It's clear after Sansa turns the tables on Littlefinger that she has had some She trusts and believes Bran because his ultimate trick to get you to believe . Sam suggests a marriage between Rhaegar and Lyanna, and Bran. Petyr Baelish's creepy attraction towards Sansa is derived from his teenage infatuation with Catelyn. Why does Sansa trust Littlefinger so much in the beginning? long term intimate relationships. most likely he views “love” as a weakness. When you have been abused like Sansa Stark, trust is painfully difficult. forced into marriage, beaten, lied to, manipulated, and repeatedly raped. on Baelish's army to save them, he tells her, “We need to trust one another.
He bought wagons, shops, ships, houses. He bought grain when it was plentiful and sold bread when it was scarce. He bought wool from the north and linen from the south and lace from Lys, stored it, moved it, dyed it, sold it. The golden dragons bred and multiplied, and Littlefinger lent them out and brought them home with hatchlings. And in the process, he moved his own men into place. The Keepers of the Keys were his, all four.
plot explanation - Who convinced Sansa that he was guilty? - Movies & TV Stack Exchange
The officers in charge of all three mints. Harbormasters, tax farmers, custom sergeants, wool factors, toll collectors, pursers, wine factors; nine of every ten belonged to Littlefinger. No one had ever thought to question the appointments, and why should they? Littlefinger was no threat to anyone.
He had no banners to call, no army of retainers, no great stronghold, no holdings to speak of, no prospects of a great marriage. This is the terrific backstory of a man who we would consider one of the George R. He has a sharp tongue at times, especially when dealing with Ned Stark in A Game of Thronesbut he knows when to sheathe that tongue, and his real talent lies in his ability to win influence and power, without ever exposing himself to mortal danger.
Every risk he takes is calculated, and though the simple reality of a lowborn lord trying to win the game of thrones comes with inherent danger, he knows how to protect himself within his ambition. The same cannot be said of the corresponding character in the TV shows.
On HBO, Baelish is by turns peevish, impulsive to the point of recklessnessand transparent. Sansa confronted Littlefinger over his heartless sale of her to Ramsay Bolton, just about the most evil character in Westeros this side of Joffrey.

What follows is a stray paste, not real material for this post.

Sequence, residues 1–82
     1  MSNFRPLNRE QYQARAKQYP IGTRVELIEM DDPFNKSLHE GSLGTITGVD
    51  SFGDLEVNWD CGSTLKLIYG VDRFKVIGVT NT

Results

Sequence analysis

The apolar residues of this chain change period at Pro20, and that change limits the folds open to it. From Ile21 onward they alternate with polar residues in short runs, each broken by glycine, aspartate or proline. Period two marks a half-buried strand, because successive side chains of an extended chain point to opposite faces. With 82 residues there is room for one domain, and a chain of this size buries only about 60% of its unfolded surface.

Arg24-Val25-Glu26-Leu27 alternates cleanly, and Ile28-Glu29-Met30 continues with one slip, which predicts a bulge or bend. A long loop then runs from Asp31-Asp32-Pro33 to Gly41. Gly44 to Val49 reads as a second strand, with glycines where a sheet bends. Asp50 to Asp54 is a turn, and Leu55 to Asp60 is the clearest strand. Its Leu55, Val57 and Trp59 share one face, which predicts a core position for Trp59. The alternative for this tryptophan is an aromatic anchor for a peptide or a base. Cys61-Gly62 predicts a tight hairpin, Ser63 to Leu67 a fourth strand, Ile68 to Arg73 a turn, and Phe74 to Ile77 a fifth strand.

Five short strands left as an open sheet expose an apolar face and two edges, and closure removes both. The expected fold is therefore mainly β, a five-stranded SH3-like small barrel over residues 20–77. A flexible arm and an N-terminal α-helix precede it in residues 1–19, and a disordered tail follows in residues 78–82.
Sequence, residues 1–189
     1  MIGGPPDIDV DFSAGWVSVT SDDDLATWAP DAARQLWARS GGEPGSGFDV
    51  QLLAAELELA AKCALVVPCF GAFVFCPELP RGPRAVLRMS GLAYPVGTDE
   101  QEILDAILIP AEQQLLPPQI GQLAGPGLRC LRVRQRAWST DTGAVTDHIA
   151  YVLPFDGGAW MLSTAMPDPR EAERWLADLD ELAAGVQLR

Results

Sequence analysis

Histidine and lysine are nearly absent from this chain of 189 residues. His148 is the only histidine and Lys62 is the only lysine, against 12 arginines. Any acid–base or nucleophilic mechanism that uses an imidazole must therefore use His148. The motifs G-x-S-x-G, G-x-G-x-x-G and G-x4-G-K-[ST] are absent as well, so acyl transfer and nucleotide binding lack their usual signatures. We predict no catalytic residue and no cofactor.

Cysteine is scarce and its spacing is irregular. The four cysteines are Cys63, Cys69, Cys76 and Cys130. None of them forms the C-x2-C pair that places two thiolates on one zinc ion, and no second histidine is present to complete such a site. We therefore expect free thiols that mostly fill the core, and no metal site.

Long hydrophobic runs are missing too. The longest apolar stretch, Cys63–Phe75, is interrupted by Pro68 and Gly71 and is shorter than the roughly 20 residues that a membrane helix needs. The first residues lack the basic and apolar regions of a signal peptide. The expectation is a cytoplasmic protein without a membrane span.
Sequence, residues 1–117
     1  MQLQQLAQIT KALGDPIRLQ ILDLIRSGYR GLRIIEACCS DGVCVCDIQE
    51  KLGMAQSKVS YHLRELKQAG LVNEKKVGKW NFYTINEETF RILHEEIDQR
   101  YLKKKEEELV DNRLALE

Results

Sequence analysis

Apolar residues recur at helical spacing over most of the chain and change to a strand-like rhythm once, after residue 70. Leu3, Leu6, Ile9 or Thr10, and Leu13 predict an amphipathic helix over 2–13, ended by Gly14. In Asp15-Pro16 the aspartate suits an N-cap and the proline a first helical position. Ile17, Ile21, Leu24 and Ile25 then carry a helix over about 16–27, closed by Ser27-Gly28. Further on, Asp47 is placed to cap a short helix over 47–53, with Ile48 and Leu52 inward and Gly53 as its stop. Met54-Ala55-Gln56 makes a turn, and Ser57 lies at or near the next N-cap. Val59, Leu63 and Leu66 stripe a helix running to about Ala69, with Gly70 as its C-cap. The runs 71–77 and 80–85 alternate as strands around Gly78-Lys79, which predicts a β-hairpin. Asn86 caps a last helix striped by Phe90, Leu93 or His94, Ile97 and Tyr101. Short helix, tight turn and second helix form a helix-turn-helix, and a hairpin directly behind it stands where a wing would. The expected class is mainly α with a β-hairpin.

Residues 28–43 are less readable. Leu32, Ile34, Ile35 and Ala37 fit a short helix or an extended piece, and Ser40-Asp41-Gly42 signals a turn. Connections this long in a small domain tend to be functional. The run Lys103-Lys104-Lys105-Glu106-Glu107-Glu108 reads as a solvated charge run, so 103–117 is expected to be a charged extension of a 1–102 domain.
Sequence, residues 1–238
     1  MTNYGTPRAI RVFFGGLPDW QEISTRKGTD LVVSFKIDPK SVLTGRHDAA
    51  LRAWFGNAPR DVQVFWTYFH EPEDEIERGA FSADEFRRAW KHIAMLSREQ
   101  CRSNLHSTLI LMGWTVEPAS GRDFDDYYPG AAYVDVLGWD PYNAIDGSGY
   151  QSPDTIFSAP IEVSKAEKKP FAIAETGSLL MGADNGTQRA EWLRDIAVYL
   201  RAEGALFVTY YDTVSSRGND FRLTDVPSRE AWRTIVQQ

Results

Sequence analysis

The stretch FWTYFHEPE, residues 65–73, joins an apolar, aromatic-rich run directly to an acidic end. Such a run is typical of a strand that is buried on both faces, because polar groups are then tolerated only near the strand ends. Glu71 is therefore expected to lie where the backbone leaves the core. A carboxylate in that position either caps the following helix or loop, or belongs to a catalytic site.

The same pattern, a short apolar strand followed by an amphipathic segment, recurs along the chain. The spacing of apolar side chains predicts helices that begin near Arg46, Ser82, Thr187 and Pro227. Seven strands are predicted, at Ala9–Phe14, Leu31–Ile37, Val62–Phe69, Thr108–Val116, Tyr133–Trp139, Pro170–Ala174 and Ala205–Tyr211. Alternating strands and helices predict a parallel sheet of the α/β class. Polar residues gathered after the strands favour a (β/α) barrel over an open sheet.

Martin put on the page. Littlefinger never sent Sansa to marry Ramsay in the books. At the end of A Dance With Dragons, Jeyne Poole, beaten, raped repeatedly, undoubtedly scarred for life in every possible way, is on the run with Theon. He rightly knows that even though the Stark family is decimated and scattered across two continents, the name still commands the most respect out of any in the North. As we know, things have progressed very differently on HBO.
In marrying the actual Sansa to Ramsay, he both gave the Bolton Bastard a legitimate claim to Winterfell and squandered whatever influence he had over Sansa. Now, she hates her one-time savior, to the point that she nearly refused his help in retaking Winterfell—which would have denied him even a meager slice of that pie.
His only saving grace, as usual in the show, was luck. LF lies to Bran and says that he doesn't know. LF tries to distract the conversation by talking about Bran's experiences, but Bran promptly brings the topic up again when he says "Chaos is a ladder", another one of LF's quotes while it's not a lie, it's a clear indication of how LF approaches the game of thrones, an indirect admission that he sows chaos to reap the rewards.
Most likely, Bran talked to Sansa soon after, and they started working together. Bran may have taken longer to talk to her his three-eyed-ravenness gets in the way of his humanity from time to time. If Bran was already scheming with Sansa at the time, then it was a mistake to blatantly call LF out on a lie, since they were trying to trap him.
The best assumption we have is that Bran was not aware of a scheme against Littlefinger yet. However, Littlefinger's lies in this conversation may have put fuel to the fire, and caused Bran to proactively seek out Sansa and talk to her. Tangentially, Littlefinger should have understood from this conversation that Bran knows his secret, and likely knows more than what he is saying.
Littlefinger should've hightailed it out of Winterfell at this point, aware of the sword of Damocles that Bran has blatantly pointed out to him.